04/30/2009 11:00PM

Woodford's package appeals to newcomers


LEXINGTON, Ky. - Bill Farish, general manager of his family's Lane's End Farm in Versailles, Ky., is taking the drive to recruit new Thoroughbred owners personally.

The Woodford Racing partnership he founded in 2005 is fairly low-key; it generally does not advertise, for example. But the syndicate quietly has brought about 90 owners to the sport, most of them first-time racehorse investors, with the goal of maximizing partners' action and their chances to break even.

With the help of his Woodford Racing partner Ben Haggin, formerly of Reynolds Bell Thoroughbred Services, and trainer Mark Casse, Farish designed Woodford Racing differently from some other public partnerships by making larger groups of horses available to investors. Each partnership has 35 units at $75,000 each. For each unit, a buyer gets 1/35 of a 20-horse package. He based the stable with Casse at Canada's Woodbine racetrack, where slot machines have raised purses.

"The main reason for it was to introduce new people to the sport," Farish said of Woodford Racing. "For years, I'd wanted to do that, but I couldn't get comfortable with the right formula. When I met Mark Casse and got introduced to the Canadian purse structure and the Canadian-bred program, it started to come into focus to me how I thought it could work.

"The second piece was to have enough horses involved to where there was enough action. Instead of getting a bunch of people involved in three horses and having none of them ever make it to the racetrack, or some kind of unfortunate experience like that, with this approach, it's a lot of action."

The partnership generally purchases its horses at yearling sales and tries to stick to an average purchase price of about $75,000, Farish said. They seek all kinds of horses: sprinters and two-turn runners, colts and fillies, Canadian-breds and U.S.-breds. They lean toward sires who might be less "hot" (and expensive) but who have good progeny performances.

Each partnership lasts through the horses' 4-year-old season, at which point any runners that haven't sold privately or been lost through the claim box are dispersed through the November mixed auctions.

Most partners have arrived via word of mouth or personal connection to Farish, Haggin, or other partners. Most come from outside Kentucky, and many are from the investment world. Woodford Racing alums include Scott Ford, whose own Westrock Stables was an important buyer at select 2-year-old sales this year, and Virginian Giles Tucker, who has been involved in two Woodford partnerships and since bought a couple of mares.

Farish and Haggin say they have also focused on something individual Thoroughbred owners traditionally complain about: communication. Woodford Racing maintains its own office in downtown Lexington and has a virtual presence at www.woodfordracing.com, where partners can log in for weekly updates on each horse, as well as snapshots and short video clips. They also receive the weekly updates by e-mail.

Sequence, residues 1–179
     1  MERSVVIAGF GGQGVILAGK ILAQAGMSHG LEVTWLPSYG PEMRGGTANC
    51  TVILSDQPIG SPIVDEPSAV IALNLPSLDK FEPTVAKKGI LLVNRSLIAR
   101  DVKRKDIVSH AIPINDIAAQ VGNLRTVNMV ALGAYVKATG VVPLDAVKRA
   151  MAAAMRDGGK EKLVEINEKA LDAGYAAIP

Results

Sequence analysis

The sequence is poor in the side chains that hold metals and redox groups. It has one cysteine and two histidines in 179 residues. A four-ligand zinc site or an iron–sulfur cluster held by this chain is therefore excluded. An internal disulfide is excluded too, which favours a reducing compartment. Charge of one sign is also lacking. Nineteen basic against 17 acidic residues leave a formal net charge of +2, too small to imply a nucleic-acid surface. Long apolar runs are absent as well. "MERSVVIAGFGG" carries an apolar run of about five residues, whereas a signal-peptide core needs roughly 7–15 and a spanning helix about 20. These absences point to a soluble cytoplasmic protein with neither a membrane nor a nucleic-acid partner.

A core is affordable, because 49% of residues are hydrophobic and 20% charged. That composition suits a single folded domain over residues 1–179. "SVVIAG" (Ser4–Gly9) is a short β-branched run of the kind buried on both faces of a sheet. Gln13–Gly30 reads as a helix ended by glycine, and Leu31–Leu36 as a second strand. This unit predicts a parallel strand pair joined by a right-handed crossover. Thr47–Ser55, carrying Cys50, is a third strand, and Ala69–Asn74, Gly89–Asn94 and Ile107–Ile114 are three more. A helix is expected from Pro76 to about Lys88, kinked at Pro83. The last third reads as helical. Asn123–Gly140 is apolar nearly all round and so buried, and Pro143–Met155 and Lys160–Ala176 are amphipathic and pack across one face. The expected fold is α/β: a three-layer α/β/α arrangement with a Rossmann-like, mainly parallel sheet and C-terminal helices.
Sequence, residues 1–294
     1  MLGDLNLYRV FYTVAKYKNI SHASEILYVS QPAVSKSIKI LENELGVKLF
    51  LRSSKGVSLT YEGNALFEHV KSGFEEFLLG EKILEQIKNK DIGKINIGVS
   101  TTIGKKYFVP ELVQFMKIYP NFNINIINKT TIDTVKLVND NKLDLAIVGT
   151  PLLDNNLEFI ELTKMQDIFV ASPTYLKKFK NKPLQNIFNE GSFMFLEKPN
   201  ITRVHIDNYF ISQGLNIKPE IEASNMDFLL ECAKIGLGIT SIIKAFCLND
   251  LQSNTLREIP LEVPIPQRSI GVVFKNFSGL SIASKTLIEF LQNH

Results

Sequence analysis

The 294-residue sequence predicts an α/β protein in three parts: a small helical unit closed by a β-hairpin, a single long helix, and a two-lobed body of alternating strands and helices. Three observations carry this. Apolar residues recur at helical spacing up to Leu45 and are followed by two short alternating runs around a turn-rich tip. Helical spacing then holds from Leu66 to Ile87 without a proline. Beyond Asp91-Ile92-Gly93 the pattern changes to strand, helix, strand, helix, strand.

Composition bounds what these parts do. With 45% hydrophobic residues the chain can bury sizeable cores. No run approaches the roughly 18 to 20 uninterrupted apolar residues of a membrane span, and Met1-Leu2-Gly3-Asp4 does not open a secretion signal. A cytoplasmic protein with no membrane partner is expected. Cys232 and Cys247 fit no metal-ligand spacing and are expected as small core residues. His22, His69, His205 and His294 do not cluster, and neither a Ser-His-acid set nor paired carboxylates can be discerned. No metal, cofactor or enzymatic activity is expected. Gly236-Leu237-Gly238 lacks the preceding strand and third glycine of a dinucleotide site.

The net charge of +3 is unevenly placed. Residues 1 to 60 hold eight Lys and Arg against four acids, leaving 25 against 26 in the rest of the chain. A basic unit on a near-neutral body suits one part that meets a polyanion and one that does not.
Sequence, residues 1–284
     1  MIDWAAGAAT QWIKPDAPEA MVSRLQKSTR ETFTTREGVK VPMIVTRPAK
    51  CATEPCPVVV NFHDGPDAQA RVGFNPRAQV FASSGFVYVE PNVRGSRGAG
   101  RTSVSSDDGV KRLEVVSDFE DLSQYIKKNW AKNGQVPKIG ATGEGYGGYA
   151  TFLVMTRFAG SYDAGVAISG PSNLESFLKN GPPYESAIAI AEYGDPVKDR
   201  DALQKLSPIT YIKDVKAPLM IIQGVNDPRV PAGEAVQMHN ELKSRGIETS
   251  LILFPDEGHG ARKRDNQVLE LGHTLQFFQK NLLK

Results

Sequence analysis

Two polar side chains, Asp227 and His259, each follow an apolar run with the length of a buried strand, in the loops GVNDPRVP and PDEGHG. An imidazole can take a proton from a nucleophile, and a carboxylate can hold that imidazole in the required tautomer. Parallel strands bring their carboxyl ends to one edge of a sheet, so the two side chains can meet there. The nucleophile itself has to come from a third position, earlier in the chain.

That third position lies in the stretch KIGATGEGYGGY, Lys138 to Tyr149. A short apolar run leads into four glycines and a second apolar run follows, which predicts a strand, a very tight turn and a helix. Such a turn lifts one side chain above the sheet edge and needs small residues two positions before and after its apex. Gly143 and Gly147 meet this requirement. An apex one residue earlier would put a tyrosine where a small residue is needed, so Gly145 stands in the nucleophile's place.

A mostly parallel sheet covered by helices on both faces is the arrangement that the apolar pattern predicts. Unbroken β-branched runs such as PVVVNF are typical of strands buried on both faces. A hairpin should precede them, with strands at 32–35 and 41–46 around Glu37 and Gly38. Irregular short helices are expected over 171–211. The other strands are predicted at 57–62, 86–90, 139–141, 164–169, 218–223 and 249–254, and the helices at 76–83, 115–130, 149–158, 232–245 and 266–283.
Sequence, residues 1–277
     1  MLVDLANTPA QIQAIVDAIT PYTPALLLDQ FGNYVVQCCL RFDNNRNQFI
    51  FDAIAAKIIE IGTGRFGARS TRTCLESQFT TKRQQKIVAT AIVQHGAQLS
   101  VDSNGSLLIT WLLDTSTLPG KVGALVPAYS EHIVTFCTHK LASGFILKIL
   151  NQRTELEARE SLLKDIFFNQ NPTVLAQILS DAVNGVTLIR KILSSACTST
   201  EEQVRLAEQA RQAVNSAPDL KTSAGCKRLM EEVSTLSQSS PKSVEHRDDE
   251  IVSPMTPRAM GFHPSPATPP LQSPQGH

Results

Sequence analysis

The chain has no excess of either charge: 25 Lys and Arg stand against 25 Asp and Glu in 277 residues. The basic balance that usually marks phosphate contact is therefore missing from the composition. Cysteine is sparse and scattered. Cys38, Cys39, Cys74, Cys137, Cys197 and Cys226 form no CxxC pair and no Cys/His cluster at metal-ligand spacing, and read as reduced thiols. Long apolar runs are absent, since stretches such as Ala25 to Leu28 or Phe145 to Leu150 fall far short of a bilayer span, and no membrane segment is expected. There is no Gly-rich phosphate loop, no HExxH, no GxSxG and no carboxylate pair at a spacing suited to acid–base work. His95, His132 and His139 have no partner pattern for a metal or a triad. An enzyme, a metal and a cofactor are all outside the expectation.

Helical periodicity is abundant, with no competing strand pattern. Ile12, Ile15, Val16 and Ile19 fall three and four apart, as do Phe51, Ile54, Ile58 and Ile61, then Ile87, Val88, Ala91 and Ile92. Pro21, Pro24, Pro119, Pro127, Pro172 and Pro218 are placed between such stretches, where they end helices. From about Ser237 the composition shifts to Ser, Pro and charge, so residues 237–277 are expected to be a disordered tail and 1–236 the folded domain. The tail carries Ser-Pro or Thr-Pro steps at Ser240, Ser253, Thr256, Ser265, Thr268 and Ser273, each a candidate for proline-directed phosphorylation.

"We wanted to from the beginning to saturate the partners with communications about their horses," Haggin said, adding that partners are welcome to visit horses at the racetrack, too.

Woodford Racing currently has about 50 horses in training, and while they run most often in Canada, they also have competed at tracks throughout the U.S. They have had seven stakes winners so far, including Grade 3 winner Turf War.

The partners' initial investment covers expenses, and so far, says Farish, the stable has never had to do a capital call.

"The hope is when we sell one we retain enough money to keep paying bills," said Farish. "To the extent there's money left over at the end, we disburse that money.

"We're trying to introduce people to the sport and give them the best economic shot at getting out whole, then going on to experience the sport in whatever way they want to."

Australian champion mare dies

Sunline, four-time Horse of the Year in her native New Zealand and three-time Horse of the Year in Australia, died Friday at age 13. The mare was euthanized in New Zealand due to the effects of laminitis.

She foundered last year in both front feet.

Sunline, a bay daughter of Desert Sun and Songline (Western Symphony), won 32 of 48 starts, including 13 Group 1 victories, and earned about $6.6 million. Trained by Trevor McKee, she earned her Horse of the Year titles between 1999 and 2002. Sunline also had 14 championship titles to her credit in New Zealand and Australia as, variously, top sprinter, 3-year-old filly, miler, older mare, and older turf mare. She also was named Mare of the Year in 2003.

Sunline has produced three foals. They are a 2004 Rock of Gibraltar filly named Sunstrike, a 2005 Zabeel colt named Sun Ruler, and an unnamed 2006 filly by Rock of Gibraltar. Sun Ruler is the only one to go through the auction ring so far, and he brought a $1,390,600 bid from Manukau Bloodstock at a New Zealand sale in 2007.

Sunline has been buried at New Zealand's Ellerslie racecourse.

* Former WinStar bloodstock representative Mark Maronde and veterinarian Dr. Johnny Mac Smith have joined the Keeneland sales team as sales account executive and veterinary adviser, respectively. Maronde will assist in sales recruiting and marketing, and Smith will serve on the inspection team.